Anatomy of a Telephone Call

By Wayne Scaggs

What is more basic or universal in the call center than the telephone call? No matter how different, unique, or special your call center is, the one common thing we all share is that we handle telephone calls better than anyone else. We take that basic telephone call and make it special in our own way. Some add style to the call, others add humor, and we all know how to help the person on the other end of the line. That is what we do.

What does a telephone call really mean to us, though, and how do we get paid from it? The drawing (figure 1) will dissect an inbound call and add some possible revenue generators.

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1) When the telephone company sends a digital call to your switch, the call has a data stream containing information about that call.

2) We match up the information from the telephone company with the information programmed in the switch; the amount of time to do this is in the milliseconds.

3) When the caller hears ringing, we have connected to the call and are playing the ring tone. Callers are so accustomed to hearing the phone ring that in most cases we play the ring sound even though the call has been answered. A typical ring cycle is six seconds, and if you are playing two or three rings before making the call available to the agents, it is time added to the call that may not be necessary. Assuming the average call lasts one minute, if you reduce the number of rings by one, you are able to answer eleven calls in the time it took to answer ten calls.

4) The call is now in queue waiting for an agent. At this point we start to see the differences that make it special to be at one call center as opposed to another.

  • If you do “live” answer and take one call at a time, this time may be zero; however, your ring time may be extended while the caller is waiting for the live agent.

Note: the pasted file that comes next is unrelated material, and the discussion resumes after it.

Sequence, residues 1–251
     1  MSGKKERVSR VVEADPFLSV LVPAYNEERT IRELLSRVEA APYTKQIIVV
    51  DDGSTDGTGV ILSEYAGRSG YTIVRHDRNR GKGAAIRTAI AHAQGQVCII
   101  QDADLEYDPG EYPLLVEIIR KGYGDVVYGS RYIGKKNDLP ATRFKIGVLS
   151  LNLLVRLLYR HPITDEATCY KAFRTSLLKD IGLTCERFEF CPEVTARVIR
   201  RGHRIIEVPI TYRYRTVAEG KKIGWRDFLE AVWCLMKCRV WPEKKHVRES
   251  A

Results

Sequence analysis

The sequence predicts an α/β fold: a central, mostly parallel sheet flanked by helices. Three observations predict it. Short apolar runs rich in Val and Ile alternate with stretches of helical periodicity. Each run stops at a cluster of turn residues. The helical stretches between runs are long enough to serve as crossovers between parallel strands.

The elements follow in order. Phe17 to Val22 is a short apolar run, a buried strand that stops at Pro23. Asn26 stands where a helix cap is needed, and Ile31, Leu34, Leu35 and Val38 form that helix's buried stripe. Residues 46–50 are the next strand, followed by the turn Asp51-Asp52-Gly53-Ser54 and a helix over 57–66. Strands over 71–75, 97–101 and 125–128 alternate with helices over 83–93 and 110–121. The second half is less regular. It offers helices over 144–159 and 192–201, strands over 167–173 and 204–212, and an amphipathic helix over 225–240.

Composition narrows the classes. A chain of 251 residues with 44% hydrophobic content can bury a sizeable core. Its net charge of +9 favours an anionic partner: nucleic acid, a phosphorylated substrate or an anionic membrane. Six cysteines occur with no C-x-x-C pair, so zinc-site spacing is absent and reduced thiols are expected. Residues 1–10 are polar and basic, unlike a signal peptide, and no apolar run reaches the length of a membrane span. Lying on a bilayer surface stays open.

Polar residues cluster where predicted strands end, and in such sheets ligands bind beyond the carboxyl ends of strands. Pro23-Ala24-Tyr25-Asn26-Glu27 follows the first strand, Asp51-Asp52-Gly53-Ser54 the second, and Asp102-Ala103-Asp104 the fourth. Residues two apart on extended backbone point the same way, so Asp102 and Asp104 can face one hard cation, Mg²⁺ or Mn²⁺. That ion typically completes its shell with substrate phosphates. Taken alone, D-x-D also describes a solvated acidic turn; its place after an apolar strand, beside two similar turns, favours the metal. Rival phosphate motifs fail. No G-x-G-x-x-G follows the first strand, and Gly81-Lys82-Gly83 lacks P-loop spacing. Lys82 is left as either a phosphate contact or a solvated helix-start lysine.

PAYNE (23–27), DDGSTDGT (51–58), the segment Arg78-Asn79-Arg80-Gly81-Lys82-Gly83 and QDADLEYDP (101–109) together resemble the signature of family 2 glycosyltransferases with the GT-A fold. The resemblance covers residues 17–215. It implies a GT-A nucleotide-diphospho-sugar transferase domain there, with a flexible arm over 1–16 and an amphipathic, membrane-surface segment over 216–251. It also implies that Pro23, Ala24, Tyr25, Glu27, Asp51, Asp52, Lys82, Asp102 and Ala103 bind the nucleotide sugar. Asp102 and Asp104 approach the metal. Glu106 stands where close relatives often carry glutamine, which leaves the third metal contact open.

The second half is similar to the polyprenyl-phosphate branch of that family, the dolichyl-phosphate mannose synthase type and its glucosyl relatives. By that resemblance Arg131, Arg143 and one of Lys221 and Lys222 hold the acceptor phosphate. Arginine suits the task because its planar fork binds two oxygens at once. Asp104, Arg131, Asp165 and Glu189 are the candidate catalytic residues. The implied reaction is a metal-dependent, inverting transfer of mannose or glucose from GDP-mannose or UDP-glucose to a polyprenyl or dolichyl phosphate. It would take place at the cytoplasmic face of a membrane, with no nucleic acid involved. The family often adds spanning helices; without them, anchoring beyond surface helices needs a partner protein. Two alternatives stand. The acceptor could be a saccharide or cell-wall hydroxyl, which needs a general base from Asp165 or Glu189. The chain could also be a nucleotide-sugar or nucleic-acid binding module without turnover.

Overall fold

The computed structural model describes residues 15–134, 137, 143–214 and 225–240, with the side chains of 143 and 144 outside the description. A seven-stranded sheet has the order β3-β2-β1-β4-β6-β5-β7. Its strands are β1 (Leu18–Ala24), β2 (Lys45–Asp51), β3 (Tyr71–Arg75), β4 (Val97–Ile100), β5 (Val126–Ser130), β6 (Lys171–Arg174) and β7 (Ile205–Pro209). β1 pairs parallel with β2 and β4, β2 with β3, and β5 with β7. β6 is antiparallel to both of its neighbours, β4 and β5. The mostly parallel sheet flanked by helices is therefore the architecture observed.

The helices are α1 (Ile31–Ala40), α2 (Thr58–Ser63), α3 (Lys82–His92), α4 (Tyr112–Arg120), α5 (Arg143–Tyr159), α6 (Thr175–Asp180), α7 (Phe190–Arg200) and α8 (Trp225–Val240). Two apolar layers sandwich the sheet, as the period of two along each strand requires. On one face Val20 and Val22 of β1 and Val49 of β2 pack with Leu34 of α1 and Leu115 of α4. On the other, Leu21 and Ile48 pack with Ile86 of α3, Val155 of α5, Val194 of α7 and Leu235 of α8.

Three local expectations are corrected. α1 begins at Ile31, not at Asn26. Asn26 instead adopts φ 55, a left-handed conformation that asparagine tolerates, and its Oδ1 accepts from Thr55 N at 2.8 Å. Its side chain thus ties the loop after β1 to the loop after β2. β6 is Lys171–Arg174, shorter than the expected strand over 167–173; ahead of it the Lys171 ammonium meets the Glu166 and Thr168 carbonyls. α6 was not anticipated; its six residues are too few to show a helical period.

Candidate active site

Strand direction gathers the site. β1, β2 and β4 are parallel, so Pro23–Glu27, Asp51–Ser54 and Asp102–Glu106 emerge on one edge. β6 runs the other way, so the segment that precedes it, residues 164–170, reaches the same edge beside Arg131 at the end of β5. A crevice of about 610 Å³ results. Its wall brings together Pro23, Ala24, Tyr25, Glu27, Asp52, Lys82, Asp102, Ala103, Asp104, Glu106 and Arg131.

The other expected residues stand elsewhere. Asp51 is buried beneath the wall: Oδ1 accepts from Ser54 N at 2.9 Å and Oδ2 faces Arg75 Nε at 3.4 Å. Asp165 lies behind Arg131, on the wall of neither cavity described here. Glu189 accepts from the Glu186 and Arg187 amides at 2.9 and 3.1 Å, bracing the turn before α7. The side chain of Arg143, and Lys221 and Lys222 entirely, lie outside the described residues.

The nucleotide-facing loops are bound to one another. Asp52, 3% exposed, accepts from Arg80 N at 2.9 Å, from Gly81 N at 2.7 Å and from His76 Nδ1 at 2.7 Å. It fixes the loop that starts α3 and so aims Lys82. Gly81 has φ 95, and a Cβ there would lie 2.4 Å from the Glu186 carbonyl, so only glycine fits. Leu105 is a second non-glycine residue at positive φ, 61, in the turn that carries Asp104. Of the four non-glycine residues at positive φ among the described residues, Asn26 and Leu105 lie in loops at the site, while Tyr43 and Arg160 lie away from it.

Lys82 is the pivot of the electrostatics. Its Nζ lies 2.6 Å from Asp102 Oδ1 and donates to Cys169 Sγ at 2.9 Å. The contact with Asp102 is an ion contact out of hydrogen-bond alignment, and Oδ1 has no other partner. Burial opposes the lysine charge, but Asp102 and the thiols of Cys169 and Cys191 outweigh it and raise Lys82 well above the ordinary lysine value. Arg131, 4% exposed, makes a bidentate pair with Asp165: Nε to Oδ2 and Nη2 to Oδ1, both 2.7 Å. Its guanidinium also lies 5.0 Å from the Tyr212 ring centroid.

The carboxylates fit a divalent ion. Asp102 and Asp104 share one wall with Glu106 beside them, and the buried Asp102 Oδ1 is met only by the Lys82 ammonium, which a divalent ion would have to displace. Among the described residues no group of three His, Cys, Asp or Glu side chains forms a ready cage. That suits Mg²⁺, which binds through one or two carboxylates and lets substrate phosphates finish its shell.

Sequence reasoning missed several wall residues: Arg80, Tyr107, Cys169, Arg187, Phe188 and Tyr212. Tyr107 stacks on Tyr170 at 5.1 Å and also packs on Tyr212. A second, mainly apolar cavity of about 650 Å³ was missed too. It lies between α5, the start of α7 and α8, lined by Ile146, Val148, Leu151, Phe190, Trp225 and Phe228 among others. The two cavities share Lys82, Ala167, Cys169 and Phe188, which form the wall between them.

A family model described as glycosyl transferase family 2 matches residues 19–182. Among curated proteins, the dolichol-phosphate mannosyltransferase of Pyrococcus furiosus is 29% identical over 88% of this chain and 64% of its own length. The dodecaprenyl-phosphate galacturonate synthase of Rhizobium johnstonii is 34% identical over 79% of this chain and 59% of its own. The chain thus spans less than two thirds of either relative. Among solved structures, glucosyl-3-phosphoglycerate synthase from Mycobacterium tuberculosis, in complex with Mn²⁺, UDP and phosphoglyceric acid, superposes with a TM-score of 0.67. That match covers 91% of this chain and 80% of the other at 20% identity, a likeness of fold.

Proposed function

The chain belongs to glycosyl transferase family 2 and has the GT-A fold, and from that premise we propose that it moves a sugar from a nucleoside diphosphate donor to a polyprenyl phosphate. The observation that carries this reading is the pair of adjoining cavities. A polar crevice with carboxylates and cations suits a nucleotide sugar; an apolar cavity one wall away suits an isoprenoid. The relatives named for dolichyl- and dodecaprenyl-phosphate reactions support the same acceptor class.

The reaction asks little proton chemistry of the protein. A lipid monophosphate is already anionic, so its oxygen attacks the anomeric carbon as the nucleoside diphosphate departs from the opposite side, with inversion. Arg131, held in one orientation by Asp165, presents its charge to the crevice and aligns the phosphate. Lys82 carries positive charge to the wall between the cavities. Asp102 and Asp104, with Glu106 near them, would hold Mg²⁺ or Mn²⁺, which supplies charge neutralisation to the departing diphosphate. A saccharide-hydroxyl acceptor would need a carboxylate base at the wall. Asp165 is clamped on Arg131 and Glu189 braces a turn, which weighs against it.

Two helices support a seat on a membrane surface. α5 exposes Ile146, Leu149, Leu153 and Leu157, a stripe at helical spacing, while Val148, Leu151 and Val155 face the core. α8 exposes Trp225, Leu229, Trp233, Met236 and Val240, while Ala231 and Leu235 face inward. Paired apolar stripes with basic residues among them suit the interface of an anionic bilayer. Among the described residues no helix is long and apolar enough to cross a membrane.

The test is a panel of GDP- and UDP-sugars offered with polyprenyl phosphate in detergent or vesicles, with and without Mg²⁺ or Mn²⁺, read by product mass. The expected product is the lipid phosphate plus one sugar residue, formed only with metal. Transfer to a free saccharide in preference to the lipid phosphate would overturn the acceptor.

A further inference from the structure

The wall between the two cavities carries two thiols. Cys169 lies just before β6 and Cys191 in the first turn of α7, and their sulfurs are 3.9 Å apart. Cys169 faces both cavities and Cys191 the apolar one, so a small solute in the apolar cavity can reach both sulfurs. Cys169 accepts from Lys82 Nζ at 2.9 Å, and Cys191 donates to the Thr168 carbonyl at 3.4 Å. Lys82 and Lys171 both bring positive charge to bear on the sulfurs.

• If you do live answer and place the caller on hold, you will have a short ring time and a short agent queue time with extended initial hold times.
  • Another method is to take one call at a time and let the call queues handle the distribution of the calls. When the call is in queue, the caller usually hears hold music, but what if you provided targeted advertising for that client to his customers? You will add value to answering their call and either bind that customer closer to you or increase the value of that call, which makes it possible to add an additional fee to the calls.

5) Above all this is the make-or-break point of the caller’s customers’ experience. The caller may hate any automated services. The live agent can make that caller feel like the most important person in the world, or confirm to the caller that he or she is just a number in the system. The agent answering your calls is the heart and soul of your call center. Simple and kind words from the agent can enhance the caller’s experience to the point the caller may not want to speak with anyone else. I know those agents are out there because I often get to talk with them. It is a real joy to call many call centers, if for no other reason than to say hello.

6) In the some cases it’s necessary for the agent to place the caller on hold. To maintain a quality caller experience, the hold time must be short.

7) While the caller is on hold, you can play the appropriate hold music, but what if the caller was informed about the business they are calling (advertising)? Take a lemon and make lemonade. Increase the value of the call and prove how wonderful your service is and show that you offer something truly special and unique.

8) At this point your agent will get a second chance to make your service shine with person-to-person communication, and the agent will get the satisfaction of providing the caller with a most pleasant caller experience—the hallmark of why we exist.

9) This is the end of the person-to-person experience, and the termination of the call will have made the client happy with you because you have made the caller feel special.

10) The call is not finished until the wrap-up is completed.

Some of you have been handling calls longer than I have, and since I am a vendor, we probably look at calls a little differently. This article hopefully has given you a different look at what you do every day. Can you find something to improve your business or increase your revenues? If you are answering 100,000 calls a month and you are able to add one penny or save one on each call, it’s an extra $1,000 per month. We live in a competitive world, where pennies and tenths-of-a-second do matter.

Wayne Scaggs is president of Alston Tascom, Inc., which offers premised-based and hosted contact center solutions.

[From Connection Magazine May 2013]